OUT­SIDE THE BOX

Love and love han­dles

GA Voice - - Arts Reviews - By BILL KAELIN

Ev­ery­thing is bet­ter when you are in love. The air seems cleaner; birds sing louder, food tastes amaz­ing and al­co­hol is even sweeter. Life has been good for my boyfriend, Shawn, and I this first year. We have ex­pe­ri­enced a lot, done some trav­el­ing, had some great laughs and in­dulged in great food with plenty of cock­tails to wash it all down. I no­ticed re­cently while pulling out my spring clothes that as a re­sult of all the in­dul­gence, I had put on some se­ri­ous love pounds. Shirts were tighter, pants more snug. I fig­ured it was just win­ter weight that needed to be shed un­til a se­ries of signs showed me that I was living in a skinny-fat per­son pur­ga­tory just like I read about re­cently in a popular Face­book post.

The first sig­nal re­gard­ing my new size was when I had the honor of roast­ing Ni­cole Paige Brookes for her 20th Drag An­niver­sary. I was a ner­vous wreck, won­der­ing how the guest panel of drag queens was go­ing to ride my ass. In­stead, Edie Cheezburger made a joke about the size of my ass. “When­ever I see Bill Kaelin I don’t know if he is re­ally mus­cu­lar or just re­ally bloated.” Her crack to­tally made me laugh, but re­minded me that hu­mor is the good-na­tured side of truth.

My ac­coun­tant also weighed in on the is­sue. Eva is a sassy, tell-it-like-it-is Asian woman with an at­ti­tude and ac­cent that will make the hair on the back of your neck stand up when she scolds you. Upon com­ple­tion of this year’s tax re­turn, I was caught off-guard when she grabbed my love han­dles and wagged her fin­ger at me, say­ing: “You drink too much beer.” Feel­ing like a stuffed sausage, I shook my head in agree­ment and promised her I would cut back while qui­etly telling my­self how fucked up this was.

The skinny-fat syn­drome strug­gle is real. I have had a 32-inch waist for­ever, but now my 32s give me the blues, but a size 34 falls to the floor. My medium-sized T-shirts that I could eas­ily slide into were now mak­ing me mis­er­able; but a large looks like I’m wear­ing a muumuu. Los­ing weight isn’t as easy as it was when I would smoke a daily pack of cig­a­rettes, drink Red Bull for break­fast and dance at Back­street un­til the sun came up. It’s not the ’90s any­more, and I had to find a healthy al­ter­na­tive for shed­ding the pounds. For­tu­nately, I found it with “dtox or­ganic juice and junk” in Mid­town.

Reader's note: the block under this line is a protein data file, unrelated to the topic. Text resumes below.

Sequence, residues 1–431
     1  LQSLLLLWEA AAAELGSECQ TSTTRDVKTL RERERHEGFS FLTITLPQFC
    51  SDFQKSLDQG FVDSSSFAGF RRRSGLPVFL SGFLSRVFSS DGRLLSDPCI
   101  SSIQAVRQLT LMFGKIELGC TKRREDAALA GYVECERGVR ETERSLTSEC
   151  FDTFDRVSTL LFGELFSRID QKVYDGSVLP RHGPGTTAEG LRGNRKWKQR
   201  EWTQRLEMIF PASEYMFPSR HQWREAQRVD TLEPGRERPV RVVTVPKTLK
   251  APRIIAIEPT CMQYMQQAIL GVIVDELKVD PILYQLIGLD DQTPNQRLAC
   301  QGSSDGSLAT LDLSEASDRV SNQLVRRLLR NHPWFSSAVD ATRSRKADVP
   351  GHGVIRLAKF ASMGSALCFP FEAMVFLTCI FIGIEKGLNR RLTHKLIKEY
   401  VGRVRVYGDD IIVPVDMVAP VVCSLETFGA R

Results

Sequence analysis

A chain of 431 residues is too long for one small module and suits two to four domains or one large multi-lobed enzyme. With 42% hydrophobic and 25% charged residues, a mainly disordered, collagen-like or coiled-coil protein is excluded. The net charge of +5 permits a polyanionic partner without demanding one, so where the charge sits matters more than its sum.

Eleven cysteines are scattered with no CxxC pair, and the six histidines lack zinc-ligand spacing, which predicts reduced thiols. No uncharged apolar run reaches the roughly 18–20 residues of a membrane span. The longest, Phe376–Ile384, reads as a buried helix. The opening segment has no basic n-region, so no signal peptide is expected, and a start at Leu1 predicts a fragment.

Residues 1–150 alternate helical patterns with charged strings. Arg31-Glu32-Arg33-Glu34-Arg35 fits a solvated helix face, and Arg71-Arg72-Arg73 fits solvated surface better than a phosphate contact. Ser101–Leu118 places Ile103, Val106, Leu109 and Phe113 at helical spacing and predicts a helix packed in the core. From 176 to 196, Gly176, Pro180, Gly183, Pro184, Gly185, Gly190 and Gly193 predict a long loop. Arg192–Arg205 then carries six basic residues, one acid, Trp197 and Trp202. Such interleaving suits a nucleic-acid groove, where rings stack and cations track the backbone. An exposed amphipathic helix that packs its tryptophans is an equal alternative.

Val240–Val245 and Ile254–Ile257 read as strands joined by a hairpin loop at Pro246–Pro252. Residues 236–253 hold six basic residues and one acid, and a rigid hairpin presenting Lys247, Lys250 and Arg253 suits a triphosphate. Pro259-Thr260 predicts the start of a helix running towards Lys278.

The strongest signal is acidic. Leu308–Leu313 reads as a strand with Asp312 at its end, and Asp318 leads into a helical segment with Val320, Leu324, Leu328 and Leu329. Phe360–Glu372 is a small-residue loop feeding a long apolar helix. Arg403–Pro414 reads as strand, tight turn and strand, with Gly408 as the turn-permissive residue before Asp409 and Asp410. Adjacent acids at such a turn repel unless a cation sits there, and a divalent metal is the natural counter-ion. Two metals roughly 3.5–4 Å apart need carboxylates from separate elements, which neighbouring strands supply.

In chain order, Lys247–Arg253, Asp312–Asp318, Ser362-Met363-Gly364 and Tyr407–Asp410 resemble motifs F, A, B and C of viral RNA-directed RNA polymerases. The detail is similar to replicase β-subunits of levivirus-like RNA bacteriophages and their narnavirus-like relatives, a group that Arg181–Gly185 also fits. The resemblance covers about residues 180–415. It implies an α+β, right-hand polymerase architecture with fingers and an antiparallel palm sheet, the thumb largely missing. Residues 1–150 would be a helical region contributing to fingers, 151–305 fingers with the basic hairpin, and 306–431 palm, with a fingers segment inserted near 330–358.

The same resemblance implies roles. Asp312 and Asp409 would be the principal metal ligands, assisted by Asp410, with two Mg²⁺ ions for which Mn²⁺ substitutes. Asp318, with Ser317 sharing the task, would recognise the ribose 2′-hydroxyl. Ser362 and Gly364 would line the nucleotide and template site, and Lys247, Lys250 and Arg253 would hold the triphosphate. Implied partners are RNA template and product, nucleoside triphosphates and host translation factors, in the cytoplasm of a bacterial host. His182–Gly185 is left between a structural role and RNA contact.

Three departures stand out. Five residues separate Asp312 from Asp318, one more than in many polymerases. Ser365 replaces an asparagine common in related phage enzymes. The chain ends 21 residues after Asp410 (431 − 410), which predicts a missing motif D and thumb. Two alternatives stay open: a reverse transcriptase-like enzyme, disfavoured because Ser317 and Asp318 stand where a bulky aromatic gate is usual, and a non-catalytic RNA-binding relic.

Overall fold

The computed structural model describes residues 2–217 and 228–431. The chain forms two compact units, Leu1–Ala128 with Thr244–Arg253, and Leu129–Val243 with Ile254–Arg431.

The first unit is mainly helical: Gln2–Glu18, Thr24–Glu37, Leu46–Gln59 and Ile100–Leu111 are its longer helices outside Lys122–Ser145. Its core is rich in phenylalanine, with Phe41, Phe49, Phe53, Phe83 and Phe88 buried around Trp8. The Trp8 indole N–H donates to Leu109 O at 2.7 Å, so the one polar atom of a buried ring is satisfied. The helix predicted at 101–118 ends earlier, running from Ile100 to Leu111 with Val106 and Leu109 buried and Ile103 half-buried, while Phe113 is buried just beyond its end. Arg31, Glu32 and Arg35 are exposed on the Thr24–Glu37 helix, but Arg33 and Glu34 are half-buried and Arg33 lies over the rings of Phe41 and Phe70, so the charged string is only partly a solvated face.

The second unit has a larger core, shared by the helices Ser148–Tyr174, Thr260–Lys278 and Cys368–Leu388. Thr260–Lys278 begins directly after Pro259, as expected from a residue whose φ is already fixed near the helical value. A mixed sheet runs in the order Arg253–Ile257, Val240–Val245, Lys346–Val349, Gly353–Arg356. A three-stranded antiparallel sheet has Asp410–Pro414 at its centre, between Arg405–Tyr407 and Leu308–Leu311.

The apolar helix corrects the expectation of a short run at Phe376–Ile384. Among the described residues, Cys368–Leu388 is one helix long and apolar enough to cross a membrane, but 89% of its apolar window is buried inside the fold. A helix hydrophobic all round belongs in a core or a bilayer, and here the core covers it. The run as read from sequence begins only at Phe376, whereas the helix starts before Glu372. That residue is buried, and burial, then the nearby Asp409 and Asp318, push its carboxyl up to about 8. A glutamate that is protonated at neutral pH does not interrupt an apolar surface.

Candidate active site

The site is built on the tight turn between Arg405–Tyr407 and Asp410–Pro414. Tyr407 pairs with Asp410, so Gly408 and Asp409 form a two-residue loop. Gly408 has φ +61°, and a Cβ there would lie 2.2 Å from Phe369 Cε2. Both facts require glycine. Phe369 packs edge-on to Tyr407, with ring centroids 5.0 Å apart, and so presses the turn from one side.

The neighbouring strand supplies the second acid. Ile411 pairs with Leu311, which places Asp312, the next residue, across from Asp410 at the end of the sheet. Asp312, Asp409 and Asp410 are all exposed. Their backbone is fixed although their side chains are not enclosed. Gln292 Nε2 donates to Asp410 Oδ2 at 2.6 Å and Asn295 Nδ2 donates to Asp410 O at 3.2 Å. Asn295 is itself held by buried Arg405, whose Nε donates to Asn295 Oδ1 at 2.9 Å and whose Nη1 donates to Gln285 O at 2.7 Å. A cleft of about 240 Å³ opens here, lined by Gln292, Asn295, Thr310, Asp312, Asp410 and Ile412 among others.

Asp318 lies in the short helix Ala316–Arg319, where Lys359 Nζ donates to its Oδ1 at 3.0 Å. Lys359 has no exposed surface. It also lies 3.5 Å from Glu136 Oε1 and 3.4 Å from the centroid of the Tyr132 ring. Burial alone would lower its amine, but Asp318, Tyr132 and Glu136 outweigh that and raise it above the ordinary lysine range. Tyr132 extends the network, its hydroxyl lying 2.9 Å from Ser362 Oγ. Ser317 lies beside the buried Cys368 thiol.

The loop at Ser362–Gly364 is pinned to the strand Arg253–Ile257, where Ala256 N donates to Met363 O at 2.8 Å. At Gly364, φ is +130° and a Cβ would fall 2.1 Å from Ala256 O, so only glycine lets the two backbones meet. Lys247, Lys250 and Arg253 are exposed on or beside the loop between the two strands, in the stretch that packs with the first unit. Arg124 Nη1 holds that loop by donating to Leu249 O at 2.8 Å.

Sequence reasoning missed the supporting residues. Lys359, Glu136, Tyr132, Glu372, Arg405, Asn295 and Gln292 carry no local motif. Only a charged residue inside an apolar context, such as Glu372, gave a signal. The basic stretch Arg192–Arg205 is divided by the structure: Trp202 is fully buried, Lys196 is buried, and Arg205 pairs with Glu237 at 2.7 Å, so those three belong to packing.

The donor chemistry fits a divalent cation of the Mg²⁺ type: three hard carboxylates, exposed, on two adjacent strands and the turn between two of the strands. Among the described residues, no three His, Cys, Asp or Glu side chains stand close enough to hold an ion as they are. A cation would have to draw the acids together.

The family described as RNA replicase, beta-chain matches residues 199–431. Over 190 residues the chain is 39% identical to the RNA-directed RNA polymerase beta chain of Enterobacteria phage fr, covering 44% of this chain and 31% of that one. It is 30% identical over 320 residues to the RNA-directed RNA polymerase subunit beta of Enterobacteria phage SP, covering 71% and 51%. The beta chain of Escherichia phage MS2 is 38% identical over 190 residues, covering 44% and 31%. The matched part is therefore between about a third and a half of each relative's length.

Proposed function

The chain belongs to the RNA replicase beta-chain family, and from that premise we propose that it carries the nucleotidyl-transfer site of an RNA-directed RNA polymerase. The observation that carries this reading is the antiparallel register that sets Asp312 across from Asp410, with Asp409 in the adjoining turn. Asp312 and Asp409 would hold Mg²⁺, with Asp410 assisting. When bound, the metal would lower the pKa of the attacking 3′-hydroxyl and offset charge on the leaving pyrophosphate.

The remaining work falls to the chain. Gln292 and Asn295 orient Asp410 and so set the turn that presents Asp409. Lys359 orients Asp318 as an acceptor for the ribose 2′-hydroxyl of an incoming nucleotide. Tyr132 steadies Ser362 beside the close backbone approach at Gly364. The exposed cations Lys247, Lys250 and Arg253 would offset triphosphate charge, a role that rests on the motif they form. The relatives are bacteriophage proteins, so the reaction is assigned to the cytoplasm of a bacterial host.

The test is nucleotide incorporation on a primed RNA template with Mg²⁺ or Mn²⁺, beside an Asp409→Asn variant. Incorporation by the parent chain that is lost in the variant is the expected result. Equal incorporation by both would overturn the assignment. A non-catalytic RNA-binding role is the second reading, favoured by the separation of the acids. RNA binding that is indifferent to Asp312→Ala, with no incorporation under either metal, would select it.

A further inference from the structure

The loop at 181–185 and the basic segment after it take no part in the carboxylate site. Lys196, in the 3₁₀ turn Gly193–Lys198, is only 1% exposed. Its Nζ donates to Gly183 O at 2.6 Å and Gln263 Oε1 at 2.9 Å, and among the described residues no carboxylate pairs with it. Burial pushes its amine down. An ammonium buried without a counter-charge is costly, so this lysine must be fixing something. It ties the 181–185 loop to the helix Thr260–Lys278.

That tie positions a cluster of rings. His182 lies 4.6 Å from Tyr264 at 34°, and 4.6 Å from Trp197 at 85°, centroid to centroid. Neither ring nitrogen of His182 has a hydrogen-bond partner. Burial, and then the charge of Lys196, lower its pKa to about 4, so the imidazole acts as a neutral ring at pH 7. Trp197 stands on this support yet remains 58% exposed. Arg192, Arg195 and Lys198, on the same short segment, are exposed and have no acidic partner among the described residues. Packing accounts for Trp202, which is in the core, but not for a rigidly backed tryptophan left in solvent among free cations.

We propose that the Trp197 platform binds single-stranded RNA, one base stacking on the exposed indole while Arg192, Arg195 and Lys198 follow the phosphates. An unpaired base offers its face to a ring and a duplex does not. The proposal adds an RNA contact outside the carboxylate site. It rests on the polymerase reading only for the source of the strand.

Dtox has a pro­gram called the Clean and Lean Cleanse that, thank­fully, also in­cludes real food. It is a weight-loss pro­gram with a se­ries of elixirs that cleanse, juices like the “Lean Mean and Green” that are nu­tri­tious, and ready-to-eat lunches like a de­li­cious col­lard wrap with almond dip­ping sauce. There was more than enough fresh, raw juice and good­ies to last un­til din­ner, and thanks to Shawn’s clean-eat­ing grilling skills, I got back in the habit of eat­ing at home in the evenings.

I could tell my stom­ach had phys­i­cally shrunk, caus­ing me to de­sire less food by Day 2. I had com­mit­ted to do­ing the dtox for two weeks while hav­ing week­ends off. My first break was Easter week­end, and af­ter di­gest­ing too many Peeps I was ready to get back to my greens.

I lost eight pounds by the end of the pro­gram, I felt great. My skin was glow­ing, I had tons of en­ergy and I was sleep­ing like a baby. Dtox is like a healthy, old-fash­ioned home milk de­liv­ery ser­vice with hip glass bot­tles dropped off at your front door. It re­sets your taste buds, turns back time on your body and is worth ev­ery penny; es­pe­cially when it means you don’t have to buy a new spring wardrobe. I’m still not skinny, but I’m not fat, ei­ther. I have found peace some­where in the mid­dle, and I feel like a mil­lion bucks.

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